The ensemble arrived for the final performance relaxed and completely ready to bring the process to a close. They were confident and steady, even when we became crunched for time; no one panicked because they have proved how well they work as a team to overcome such challenges. We also worked efficiently as a team to pack up all of our materials at the end and agreed to reflect in depth on the process at our wrap up meeting the next week. When Kyle and I walked into the auditorium, several women were seated around a table, ready to begin discussion. One was standing on the stage, and when she saw us, she exclaimed, “I’m sad!” She is not looking forward to taking a break this summer, but those of us who’ve been doing this for awhile assured her that taking time to rest and let our energy build back up works better than not.
While everyone said again how much they enjoyed the performances and what great feedback they’ve gotten around the prison, they were much more eager to have a constructive discussion about the program in general: what’s working well, and where we need to improve. This was a lengthy conversation, and here are a couple of highlights that particularly illustrate the dedication to and ownership of the program that this ensemble has developed:
- Although the group is still reluctant to have a formal audition at the beginning of the session, the three-day “trial period” we introduced this fall proved problematic for several reasons. The group decided not only to prolong this phase of the program, but to put themselves “on probation” (although we are not going to call it that!) to ensure that there’s no double standard and that everyone’s in it together. We are also going to develop community expectations as a group during our first meeting so that every single person knows how she is being assessed during the trial period. With these changes, we hope that we can avoid some of the “drama” that we dealt with in the fall.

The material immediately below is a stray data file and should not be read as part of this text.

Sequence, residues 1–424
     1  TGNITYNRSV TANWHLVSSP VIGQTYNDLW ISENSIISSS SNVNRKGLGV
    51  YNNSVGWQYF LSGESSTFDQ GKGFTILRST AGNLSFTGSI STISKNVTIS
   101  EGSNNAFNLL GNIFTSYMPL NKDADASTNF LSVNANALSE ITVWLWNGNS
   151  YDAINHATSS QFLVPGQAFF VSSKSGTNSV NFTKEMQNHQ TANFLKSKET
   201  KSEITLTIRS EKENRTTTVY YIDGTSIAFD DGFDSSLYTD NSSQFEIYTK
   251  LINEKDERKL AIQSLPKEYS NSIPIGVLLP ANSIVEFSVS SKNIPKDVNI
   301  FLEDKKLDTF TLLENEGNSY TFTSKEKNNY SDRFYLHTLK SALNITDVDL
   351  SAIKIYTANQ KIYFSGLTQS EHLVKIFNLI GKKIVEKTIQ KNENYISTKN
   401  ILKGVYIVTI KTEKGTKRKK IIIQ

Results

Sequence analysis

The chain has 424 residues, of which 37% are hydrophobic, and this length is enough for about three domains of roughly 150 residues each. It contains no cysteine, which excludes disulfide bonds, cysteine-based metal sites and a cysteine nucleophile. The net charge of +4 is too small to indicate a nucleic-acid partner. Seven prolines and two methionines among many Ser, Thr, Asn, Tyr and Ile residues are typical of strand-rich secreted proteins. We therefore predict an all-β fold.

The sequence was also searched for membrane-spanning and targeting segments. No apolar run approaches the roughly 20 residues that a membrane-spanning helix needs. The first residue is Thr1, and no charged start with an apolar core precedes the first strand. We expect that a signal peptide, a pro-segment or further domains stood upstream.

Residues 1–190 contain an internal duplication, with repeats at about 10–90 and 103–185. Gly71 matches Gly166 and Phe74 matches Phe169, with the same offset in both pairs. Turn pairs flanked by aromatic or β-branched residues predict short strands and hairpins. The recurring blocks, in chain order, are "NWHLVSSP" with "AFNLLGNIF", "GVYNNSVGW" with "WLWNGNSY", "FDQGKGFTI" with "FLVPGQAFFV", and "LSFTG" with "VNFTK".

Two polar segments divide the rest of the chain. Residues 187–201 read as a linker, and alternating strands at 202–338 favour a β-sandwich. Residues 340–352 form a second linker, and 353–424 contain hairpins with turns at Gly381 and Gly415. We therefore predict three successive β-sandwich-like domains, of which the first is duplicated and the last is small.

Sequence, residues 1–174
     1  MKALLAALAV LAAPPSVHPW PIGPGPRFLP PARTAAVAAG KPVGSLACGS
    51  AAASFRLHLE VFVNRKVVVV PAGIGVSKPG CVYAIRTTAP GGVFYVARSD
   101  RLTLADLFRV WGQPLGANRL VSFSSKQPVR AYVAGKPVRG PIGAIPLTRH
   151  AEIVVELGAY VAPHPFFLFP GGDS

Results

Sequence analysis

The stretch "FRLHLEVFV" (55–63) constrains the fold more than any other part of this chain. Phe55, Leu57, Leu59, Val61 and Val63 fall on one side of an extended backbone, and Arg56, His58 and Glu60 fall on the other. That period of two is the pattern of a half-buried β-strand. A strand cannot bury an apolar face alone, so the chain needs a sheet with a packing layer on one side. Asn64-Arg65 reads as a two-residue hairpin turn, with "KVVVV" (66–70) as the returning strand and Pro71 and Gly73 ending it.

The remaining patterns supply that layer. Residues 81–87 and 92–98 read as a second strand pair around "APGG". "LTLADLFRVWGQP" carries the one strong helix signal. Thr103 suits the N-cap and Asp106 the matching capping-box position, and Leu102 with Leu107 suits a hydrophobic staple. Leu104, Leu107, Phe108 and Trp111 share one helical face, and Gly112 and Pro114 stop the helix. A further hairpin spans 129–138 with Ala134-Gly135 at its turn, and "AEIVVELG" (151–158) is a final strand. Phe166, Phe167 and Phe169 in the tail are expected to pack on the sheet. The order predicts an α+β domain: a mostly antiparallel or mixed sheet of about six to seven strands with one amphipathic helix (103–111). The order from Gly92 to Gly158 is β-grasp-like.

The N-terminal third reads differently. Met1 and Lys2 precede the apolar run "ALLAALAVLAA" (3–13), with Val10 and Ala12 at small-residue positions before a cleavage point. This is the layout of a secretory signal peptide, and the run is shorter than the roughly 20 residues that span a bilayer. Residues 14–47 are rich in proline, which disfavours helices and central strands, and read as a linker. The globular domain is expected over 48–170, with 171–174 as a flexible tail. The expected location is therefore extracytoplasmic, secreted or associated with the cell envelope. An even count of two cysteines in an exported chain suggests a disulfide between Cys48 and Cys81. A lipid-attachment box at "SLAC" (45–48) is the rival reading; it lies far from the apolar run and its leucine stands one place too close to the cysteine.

- We all agreed that we must at least read through the entire play, even if we don’t put every scene on its feet, before we cast it – we rushed this part of the process this year because some of us were impatient to move faster, and it hurt us. We decided to cast our play in a new way – instead of a group discussion with a “blind” vote by raised hand (which has worked in the past, but not this year), we are going to figure out who will audition for each role with “sides” (like professional callbacks), and then everyone will submit a cast list by anonymous ballot, which I will tally up.
All in all, the ensemble is satisfied with the work we’ve done this season. Most of them plan on returning in the fall, and they are going to try to work on Othello in pairs and small groups as much as possible over the summer to prepare. Those who have been in the group for two or three years feel that it is growing in a positive direction, and we are all optimistic that, while we will always face challenges together, the changes we’re making going into next year will strengthen us and allow the process to go more smoothly.
Normally, this would be the final post for the season, but stay tuned for a special post tomorrow and an exciting announcement about the program very soon.
Thank you for all of your support of Shakespeare in Prison this season!